Old fire tower on Summit.
Sugarloaf from summit
After hanging out for a half hour we back tracked down to the col and made the .4 mile ascent up to the West Peak, once again slogging through deep snow. The trail between the two peaks is a section of the AT. The view of Avery peak from the West peak was real nice.
West Peak Summit
Our original plan was to continue from this point west over a couple more peaks that are part of the Masiff, and on the Hundred Highest list, on a trail that looped back to the pond, but it would of added another 2.5 miles over terrain that had a favorable aspect for more soft deep snow. With very sore joints, and not knowing if we would have enough daylight to complete the loop in these conditions, we decided to return to the col once more and follow the fire wardens trail back to the pond. Between the West peak and the Col we found a little snow field that was about 40 degrees and 70 feet long. I’ll add some video of us butt sliding down it when I get the file. On the way back down we found many places where a seated glisade(butt sliding) was possible for 20 or 30 feet. It sure beat post holing.
By the time we got back to the water crossing at the pond our boots were so wet that we didn’t even bother taking them off, and this time the cold water felt good on our sore joints, and muscles. When we got back to the truck we noticed that the warm temperature had turned the road into softer mud, and softer snow. The truck’s tires had light tread, and we had a very exciting ride back. It was like a combination of Rally and Baha racing. We had to keep momentum, at any point if we had stopped we would have been stuck for sure. Also. the road had deep ditches on the side that if we fell in, we would not have got out. So, if we went to fast it was hard to keep control and the truck was drifting a lot in the slick conditions. Thanks too some stunt driving by Matt, we made it back to the Highway. FewF!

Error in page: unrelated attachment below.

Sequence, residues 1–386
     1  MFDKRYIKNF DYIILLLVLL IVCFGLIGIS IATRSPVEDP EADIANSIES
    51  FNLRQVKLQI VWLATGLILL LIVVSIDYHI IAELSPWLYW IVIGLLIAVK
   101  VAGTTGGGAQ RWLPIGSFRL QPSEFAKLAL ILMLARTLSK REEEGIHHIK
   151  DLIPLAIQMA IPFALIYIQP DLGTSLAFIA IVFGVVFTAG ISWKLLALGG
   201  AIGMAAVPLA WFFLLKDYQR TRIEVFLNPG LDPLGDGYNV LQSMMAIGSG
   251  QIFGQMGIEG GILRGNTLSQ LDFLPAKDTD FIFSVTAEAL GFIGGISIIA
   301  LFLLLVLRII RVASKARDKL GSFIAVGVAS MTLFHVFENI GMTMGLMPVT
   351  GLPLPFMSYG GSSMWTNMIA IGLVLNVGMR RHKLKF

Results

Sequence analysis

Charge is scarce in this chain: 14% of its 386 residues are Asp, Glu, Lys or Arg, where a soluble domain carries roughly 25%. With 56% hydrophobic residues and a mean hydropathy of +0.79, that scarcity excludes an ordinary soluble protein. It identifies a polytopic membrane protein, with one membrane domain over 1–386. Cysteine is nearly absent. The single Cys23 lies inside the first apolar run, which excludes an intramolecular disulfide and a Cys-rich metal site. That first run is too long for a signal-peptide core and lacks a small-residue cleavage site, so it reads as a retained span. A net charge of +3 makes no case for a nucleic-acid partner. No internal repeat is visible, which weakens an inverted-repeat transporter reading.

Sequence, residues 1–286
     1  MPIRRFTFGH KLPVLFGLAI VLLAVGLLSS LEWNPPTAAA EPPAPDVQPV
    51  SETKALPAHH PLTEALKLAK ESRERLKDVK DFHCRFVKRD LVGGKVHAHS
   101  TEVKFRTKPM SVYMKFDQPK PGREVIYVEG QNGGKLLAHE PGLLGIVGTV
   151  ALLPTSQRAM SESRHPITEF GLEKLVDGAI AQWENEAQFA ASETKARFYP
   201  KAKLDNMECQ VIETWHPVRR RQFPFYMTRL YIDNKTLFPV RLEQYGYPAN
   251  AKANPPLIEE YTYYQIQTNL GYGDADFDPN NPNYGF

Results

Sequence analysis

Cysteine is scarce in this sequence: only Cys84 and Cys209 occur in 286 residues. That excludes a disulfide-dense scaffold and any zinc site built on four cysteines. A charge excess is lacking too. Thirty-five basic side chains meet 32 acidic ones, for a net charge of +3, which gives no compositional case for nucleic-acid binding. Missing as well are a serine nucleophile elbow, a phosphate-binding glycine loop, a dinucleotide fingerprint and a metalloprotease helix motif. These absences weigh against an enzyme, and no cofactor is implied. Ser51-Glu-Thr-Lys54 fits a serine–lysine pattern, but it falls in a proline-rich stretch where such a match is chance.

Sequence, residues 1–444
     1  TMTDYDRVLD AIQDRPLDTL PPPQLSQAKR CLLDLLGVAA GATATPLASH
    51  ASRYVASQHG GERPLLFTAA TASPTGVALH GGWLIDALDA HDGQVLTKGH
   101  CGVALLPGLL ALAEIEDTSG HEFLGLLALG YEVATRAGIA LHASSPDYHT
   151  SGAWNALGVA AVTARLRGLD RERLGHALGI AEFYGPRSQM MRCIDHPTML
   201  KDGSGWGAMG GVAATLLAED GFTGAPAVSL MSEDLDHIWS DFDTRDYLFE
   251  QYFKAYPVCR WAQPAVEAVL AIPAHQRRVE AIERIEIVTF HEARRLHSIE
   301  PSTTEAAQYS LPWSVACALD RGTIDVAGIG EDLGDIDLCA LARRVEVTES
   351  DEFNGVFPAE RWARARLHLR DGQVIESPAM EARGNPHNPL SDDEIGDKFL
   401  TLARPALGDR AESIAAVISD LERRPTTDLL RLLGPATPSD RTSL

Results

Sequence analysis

Started Hiking at 10:25 am
Ended Hiking at 6:30 pm
We have been hiking together for a long time, and I estimate that without the snow we could have done this trip in about 4 hours. I would like to come back to this mountain again and follow the AT over the whole ridge. The Fire Wardens trail would make a great family backpacking trip, because it has Multiple tent sites along it, as well as toilets. There were some faint indications that a snow shoer had been on the mountain at some time with in the prior week. But, besides that ours were the only tracks we saw on the whole hike. It seemed we had the whole mountain to ourselves.
…One more thing…Haha
I had been hoping we would see some wildlife on this trip, but we didn’t, only lots of Moose Pooh. In fact it was kind of funny; just a little down hill from the Moose Falls Campsite, off the side of the trail there was a huge pile of moose pooh, like literally a dumptruck sized load.. I’ve never known Moose to be creatures of habit that way, to return to the same spot for that reason. I wondered if a moose had some how got stuck in the same spot for a while. Later when I got home, I noticed there was a placemark on Google earth right at that location. The placemark linked to two Bigfoot sightings from the 1940’s that were right in that spot. I can only conclude from these findings that we stumbled upon Sasquatch’s Lavatory.
While my friend was over I was able to steel some of his Bigelow pics off his chip, unfortunately the MP3s I really wanted were not still on the chip, I’ll have to wait till I visit him to upload them from his Mac to my Flickr.
This is my favorite he took:
Me on the West Peak